Nobel Prize winner from namesake city visits to inspire Aberdeen

Nobel Prize winner from namesake city visits to inspire Aberdeen

A Nobel prize-winning physicist will visit Aberdeen this autumn to inspire students, researchers and public from all walks of life with his story of determination, discovery and success.

Professor Douglas Osheroff, from Aberdeen in Washington, USA, will travel this coming week from Stanford University in California to Aberdeen, Scotland.

The visit is being hosted by the School of Engineering at the University of Aberdeen.

While in the Granite City, Professor Osheroff will deliver this autumn’s RV Jones Distinguished Lecture in the King’s College Conference Centre on Wednesday 1 October. This is the latest in this biannual public lecture series in honour of Professor RV Jones, one of the University of Aberdeen’s most distinguished professors, best known for his work co-ordinating scientific intelligence during the Second World War.

The title of this year’s lecture will be How Changes in Science are Made, and will include his Professor Osheroff's own story of how he won a Nobel Prize, and what fascinates him about science and nature.

Professor Osheroff will also spend time with students in physics and engineering, meet researchers and lecturers and hear about new developments and projects underway at the University. An avid photographer, Professor Osheroff will also be making the most of his visit to indulge his hobby in the stunning scenery and sights of northeast Scotland.

Douglas Osheroff was awarded the Nobel Prize for Physics in 1996, with two colleagues, for the discovery of superfluidity in Helium-3. Superfluidity is a state of matter in which the substance behaves like a fluid with zero viscosity, and can self-propel and travel in a way that defies the forces of gravity and surface tension.

Douglas Osheroff was born and raised in the town of Aberdeen, Washington, then a lumber town in the Pacific Northwest of the United States. From an early age young Douglas was fascinated by high voltage electricity and gunpowder. He spent his college years at the California Institute of Technology and gained his PhD at Cornell University in 1972, which is where he and colleagues David Lee and Robert Richardson discovered superfluidity in liquid Helium-3. Osheroff then spent 15 years at AT&T Bell Laboratories before joining Stanford University in 1987, where he became an award-winning teacher and twice chair of the Stanford Department of Physics.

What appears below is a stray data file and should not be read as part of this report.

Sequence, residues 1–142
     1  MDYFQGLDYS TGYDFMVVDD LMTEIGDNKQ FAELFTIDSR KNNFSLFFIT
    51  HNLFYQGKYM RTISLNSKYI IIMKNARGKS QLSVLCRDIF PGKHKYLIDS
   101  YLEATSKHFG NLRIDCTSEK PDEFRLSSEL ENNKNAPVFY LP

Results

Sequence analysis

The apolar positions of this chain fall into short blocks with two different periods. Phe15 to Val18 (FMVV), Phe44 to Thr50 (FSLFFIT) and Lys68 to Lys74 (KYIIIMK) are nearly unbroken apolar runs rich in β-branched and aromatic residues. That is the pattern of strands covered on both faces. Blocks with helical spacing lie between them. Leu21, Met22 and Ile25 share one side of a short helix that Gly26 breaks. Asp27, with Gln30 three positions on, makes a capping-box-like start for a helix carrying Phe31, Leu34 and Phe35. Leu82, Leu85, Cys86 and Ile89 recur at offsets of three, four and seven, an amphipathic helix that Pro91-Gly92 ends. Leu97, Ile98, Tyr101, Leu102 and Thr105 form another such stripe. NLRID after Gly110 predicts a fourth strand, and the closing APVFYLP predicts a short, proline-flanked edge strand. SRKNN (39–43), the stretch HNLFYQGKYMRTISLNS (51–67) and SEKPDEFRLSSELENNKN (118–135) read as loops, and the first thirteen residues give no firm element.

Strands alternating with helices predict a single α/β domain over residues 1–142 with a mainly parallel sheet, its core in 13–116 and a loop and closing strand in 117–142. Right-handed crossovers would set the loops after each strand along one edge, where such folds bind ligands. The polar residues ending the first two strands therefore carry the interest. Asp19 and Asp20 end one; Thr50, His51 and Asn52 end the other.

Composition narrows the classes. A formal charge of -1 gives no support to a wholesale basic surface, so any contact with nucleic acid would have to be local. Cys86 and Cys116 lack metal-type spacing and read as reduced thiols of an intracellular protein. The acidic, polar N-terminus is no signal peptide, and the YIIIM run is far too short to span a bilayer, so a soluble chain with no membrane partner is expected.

In 1996 the Nobel Prize for Physics with David Lee and Robert Richardson capped a long list of awards for Douglas, including the Sir Francis Simon Memorial Award, the Oliver E. Buckley Prize, one of the first MacArthur Prize Fellowships, and in 1991, the Walter J. Gores Award for Excellence in Teaching at Stanford.

In the spring of 2003 Osheroff became a member of the Columbia Accident Investigation Board, the group that investigated the circumstances surrounding the destruction of Space Shuttle Columbia on re-entry in February 2003.

The RV Jones Distinguished Lecture Series provides invited lectures from distinguished speakers in areas of engineering related to research within the University’s School of Engineering. The lectures are intended to appeal to a diverse audience and typically draw upon a current research topic to present it in a style aimed at a wide audience from many walks of life.

Author
Euan Wemyss

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